Getty Images, one of the power players in the stock-image market, is suing the owner of AI art tool Stable Diffusion for copyright infringement—a case that could help determine the limits of what AI art can legally generate.
As unearthed by The Verge, Getty is suing Stability AI, maker of Stable Diffusion, in a London court, claiming that Stability AI infringed the rights of copyright owned or represented by Getty Images. “Getty Images’ position that Stability AI unlawfully copied and processed millions of images protected by copyright and the associated metadata owned or represented by Getty Images absent a license to benefit Stability AI’s commercial interests and to the detriment of the content creators,” Getty said in a statement.
On Friday, Feb. 3, Getty also sued Stability AI in a U.S. court as well, illegally used 12 million of Getty’s licensed images to train its model. As proof, it pointed to watermarks that were preserved in the process, indicative that Getty’s images were used. So far, Stability AI hasn’t responded to the suit.
In essence, Getty is claiming that Stability AI is benefiting from training its model on images published by Getty to the internet, without compensation. Getty images are published to the internet with a visible watermark; licensed images have the watermark removed. Getty said that Stability AI did not seek a license to use Getty’s images.
What the suit will help establish is what an AI model can do with images that it finds on the public internet, especially those that are copyrighted. “We think similarly these generative models need to address the intellectual property rights of others, that’s the crux of it,” Craig Peters, the chief executive of Getty Images, told The Verge. “And we’re taking this action to get clarity.”
Interestingly, Getty is not suing OpenAI, the creator of the original Dall-E and Dall-E 2 models, which used 400 million pairs of images and captions scraped from the internet—but without detailing who owned them. Instead, the company is suing Stability AI, the developer of the Stable Diffusion model that allows you to develop AI art on your own PC. (Stable Diffusion is also available as a cloud hosted service on DreamStudio.ai.) The company does not explicitly say where it trained its model, but notes that generated images via Stable Diffusion 2 include an invisible watermark to label them as AI generated.
Conceivably, a ruling against Stability AI would block AI models from using copyrighted images without a license—either forcing Stability AI and other developers to pay licensing fees, or otherwise just eliminate copyrighted images from their training models. This would eliminate a significant number of training images from Stability’s models, perhaps degrading the model’s output. On the other hand, it would preserve the copyright of Getty and presumably those who had created their own, unique, copyrighted art.
The arguments made by both sides will presumably boil down to the concept of fair use, an idea, originated in U.S. law, which permits limited use of copyrighted material without having to first acquire permission from the copyright holder. It’s a somewhat murky argument that tries to limit copyright to the benefit of the public, permitting parodies of copyrighted work but essentially outlawing musicians from sampling snippets of other artists without their permission. It also allows computer code to be reverse engineered.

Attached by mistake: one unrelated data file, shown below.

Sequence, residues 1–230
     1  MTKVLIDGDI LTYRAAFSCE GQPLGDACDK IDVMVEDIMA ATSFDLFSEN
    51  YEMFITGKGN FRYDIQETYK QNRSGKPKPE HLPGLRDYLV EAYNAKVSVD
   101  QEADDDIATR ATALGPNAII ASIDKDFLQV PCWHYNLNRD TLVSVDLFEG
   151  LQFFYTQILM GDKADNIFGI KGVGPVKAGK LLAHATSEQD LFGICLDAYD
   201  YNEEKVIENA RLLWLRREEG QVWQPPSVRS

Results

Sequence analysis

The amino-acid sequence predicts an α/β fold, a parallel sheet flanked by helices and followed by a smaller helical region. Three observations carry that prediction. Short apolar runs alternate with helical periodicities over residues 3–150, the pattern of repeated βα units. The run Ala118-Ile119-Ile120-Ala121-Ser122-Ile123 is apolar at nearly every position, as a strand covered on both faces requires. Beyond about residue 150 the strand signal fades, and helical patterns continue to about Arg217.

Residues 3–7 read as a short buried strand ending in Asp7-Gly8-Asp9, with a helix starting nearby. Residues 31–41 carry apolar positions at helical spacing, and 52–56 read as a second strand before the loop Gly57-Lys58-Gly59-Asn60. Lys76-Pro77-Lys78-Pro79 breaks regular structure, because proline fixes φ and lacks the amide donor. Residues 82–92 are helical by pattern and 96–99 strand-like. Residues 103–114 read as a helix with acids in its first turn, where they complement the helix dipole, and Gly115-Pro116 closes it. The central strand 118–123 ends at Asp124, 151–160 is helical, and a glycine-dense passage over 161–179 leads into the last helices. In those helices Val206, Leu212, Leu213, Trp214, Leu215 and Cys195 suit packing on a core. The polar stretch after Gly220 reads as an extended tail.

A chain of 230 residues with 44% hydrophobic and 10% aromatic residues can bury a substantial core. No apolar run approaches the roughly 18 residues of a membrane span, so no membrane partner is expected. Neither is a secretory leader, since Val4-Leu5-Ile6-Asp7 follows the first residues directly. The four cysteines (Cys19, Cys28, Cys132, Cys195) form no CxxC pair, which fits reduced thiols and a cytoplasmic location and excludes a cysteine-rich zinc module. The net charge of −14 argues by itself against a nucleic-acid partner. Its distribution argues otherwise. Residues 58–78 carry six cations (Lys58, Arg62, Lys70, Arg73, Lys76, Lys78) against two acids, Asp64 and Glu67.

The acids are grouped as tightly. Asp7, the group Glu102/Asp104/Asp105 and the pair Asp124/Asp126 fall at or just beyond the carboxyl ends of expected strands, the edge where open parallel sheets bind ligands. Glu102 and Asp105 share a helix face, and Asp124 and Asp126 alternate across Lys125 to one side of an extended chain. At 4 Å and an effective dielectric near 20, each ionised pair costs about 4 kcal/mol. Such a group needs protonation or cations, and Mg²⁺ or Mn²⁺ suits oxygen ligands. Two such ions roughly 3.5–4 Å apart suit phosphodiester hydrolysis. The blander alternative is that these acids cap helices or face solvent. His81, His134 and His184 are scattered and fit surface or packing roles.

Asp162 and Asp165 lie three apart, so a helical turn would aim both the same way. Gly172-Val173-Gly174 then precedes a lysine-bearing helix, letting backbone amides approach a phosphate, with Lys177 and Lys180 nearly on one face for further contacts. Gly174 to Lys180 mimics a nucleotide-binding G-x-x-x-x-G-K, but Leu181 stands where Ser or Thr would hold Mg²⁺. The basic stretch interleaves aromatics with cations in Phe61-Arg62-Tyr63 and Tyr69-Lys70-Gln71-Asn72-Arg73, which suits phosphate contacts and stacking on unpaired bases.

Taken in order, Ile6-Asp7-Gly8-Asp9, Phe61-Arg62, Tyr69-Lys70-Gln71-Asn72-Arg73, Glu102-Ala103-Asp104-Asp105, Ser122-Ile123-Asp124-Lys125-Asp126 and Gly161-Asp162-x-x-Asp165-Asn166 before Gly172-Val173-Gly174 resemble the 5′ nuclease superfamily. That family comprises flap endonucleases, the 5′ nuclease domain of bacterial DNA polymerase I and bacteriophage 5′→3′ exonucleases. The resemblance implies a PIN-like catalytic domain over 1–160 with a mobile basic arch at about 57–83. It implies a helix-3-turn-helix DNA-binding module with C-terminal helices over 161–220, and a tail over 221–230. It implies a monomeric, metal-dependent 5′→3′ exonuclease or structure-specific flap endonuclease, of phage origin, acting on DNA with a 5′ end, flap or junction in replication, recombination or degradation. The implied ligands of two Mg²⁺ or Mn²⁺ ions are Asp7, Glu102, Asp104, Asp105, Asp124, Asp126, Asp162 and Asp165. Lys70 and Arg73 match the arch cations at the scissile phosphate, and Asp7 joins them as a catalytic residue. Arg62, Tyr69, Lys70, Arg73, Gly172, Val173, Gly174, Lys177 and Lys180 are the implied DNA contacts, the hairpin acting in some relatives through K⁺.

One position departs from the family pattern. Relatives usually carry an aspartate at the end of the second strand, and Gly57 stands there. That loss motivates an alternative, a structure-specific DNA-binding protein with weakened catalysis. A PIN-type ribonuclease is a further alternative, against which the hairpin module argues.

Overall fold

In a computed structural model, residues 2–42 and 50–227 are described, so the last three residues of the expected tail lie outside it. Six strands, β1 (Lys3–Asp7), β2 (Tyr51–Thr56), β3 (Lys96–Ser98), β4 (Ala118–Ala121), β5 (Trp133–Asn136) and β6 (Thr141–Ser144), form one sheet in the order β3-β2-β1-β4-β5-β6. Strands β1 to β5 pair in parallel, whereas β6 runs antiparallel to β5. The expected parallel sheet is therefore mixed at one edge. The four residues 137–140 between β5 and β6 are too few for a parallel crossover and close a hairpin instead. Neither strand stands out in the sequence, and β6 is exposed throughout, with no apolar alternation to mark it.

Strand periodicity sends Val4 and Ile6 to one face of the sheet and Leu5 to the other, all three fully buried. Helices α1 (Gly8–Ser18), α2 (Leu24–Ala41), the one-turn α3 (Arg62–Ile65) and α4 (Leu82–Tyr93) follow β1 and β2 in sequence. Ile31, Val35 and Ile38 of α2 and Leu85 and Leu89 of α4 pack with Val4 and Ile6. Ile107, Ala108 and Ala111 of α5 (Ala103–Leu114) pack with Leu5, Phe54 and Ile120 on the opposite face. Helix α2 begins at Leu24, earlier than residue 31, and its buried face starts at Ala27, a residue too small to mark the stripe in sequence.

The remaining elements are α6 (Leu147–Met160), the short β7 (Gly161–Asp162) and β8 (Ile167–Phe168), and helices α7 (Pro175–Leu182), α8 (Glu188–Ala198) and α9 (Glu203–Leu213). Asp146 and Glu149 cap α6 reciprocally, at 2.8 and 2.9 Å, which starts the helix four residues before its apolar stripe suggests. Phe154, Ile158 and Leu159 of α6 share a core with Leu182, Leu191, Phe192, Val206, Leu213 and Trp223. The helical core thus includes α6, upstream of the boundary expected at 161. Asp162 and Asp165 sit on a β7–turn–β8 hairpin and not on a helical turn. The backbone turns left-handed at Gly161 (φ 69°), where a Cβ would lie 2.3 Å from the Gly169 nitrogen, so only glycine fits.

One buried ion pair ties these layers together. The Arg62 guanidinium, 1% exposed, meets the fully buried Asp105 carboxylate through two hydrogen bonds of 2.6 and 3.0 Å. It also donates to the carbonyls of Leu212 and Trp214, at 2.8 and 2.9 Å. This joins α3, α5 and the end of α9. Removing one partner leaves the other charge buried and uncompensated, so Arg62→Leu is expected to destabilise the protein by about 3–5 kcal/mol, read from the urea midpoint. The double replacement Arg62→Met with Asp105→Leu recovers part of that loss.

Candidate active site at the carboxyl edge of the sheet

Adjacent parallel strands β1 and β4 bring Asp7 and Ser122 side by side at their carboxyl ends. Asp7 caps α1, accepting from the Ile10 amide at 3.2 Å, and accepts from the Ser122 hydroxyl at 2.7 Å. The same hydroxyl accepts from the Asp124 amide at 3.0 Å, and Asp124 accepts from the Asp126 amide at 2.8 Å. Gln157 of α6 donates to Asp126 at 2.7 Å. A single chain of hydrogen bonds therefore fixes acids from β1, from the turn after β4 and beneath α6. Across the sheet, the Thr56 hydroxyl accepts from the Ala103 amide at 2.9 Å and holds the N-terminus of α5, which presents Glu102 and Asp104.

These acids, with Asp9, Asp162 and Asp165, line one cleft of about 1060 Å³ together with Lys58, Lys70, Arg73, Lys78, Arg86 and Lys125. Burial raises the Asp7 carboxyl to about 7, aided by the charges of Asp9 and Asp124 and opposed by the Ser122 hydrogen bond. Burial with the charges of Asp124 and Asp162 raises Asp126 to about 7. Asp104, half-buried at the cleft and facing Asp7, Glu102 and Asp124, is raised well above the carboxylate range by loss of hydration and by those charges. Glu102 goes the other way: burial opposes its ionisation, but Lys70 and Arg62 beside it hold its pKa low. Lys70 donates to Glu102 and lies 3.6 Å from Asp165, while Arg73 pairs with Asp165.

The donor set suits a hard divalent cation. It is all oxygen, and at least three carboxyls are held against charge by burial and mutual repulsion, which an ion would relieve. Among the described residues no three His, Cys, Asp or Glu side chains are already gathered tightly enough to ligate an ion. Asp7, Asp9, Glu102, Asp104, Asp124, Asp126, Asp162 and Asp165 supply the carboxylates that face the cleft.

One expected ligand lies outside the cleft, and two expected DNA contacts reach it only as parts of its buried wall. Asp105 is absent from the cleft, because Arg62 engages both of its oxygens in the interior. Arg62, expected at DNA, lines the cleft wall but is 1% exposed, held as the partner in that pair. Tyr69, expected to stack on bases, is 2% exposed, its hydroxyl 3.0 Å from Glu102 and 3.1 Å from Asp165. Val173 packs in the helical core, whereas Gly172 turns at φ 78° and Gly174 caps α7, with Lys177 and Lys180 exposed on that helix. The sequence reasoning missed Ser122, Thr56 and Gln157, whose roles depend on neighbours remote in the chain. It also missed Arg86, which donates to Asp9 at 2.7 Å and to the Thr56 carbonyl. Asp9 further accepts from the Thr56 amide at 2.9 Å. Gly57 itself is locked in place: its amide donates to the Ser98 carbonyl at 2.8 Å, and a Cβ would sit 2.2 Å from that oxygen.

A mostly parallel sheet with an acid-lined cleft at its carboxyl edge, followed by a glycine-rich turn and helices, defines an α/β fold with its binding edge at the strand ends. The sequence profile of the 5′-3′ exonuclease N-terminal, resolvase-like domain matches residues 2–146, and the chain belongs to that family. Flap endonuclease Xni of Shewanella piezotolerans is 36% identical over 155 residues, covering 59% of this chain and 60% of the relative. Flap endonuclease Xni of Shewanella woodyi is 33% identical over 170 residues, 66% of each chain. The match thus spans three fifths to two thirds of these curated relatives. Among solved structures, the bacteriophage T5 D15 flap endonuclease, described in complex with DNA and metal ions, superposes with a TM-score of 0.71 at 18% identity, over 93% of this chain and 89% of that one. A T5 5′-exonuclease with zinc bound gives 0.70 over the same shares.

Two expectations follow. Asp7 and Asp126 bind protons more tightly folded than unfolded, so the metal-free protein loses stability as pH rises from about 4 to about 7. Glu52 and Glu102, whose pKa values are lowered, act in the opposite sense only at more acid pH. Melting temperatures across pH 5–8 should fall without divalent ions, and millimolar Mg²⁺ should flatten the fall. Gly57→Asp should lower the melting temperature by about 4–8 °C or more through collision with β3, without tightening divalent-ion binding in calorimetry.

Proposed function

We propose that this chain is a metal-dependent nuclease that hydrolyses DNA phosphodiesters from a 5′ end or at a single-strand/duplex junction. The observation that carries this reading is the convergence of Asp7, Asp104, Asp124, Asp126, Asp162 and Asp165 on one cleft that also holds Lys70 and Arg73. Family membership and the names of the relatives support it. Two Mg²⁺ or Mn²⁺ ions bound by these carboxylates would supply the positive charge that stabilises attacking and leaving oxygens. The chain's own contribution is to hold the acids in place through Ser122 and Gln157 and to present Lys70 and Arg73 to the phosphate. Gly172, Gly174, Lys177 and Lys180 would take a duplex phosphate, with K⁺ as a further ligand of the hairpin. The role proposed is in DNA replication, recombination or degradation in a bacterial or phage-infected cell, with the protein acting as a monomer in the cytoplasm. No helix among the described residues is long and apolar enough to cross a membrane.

However, since the suit is being filed in the UK, it will be tested against the UK’s “fair dealing” doctrine, a version of “fair use,” but one which is less permissive. Once infringement is proven, the possible defense falls into one of three exceptions: where the use is for the purposes of research or private study, where it is to allow for criticism or review, and where it is for the purpose of reporting current events, according to Wikipedia. It also factors in how much of the copyrighted materials have been used.
Artists like Andy Warhol may emerge as central figures in the case. Warhol, a popular pop artist who died in 1987, was famous for taking established images—Campbell’s soup cans or a photo of Marilyn Monroe, for example—and appropriating them into his own work. Warhol’s Marilyn Diptych took a Warner Bros. publicity still of Monroe, colorized it, and published it as his own work. According to Kate Donohue’s essay in The Columbia Journal of Law & the Arts, Warhol—and after his death, his foundation—was sued by artists arguing that Warhol had taken their photographs and adapted them under his own name. He settled with many of them.
Under the U.S. doctrine of fair use, the question would be whether Warhol’s work was “transformative” enough to slide through the fair use loophole, and whether the point of AI art is transformative by nature. In the UK, however, Stability AI may have a more limited defense. Either way, it’s likely that the UK court will help decide what AI art can and cannot do with copyrighted works, helping define that future of AI in the arts.
This story was updated on Feb. 6 with a suit filed against Stability AI in the United States as well.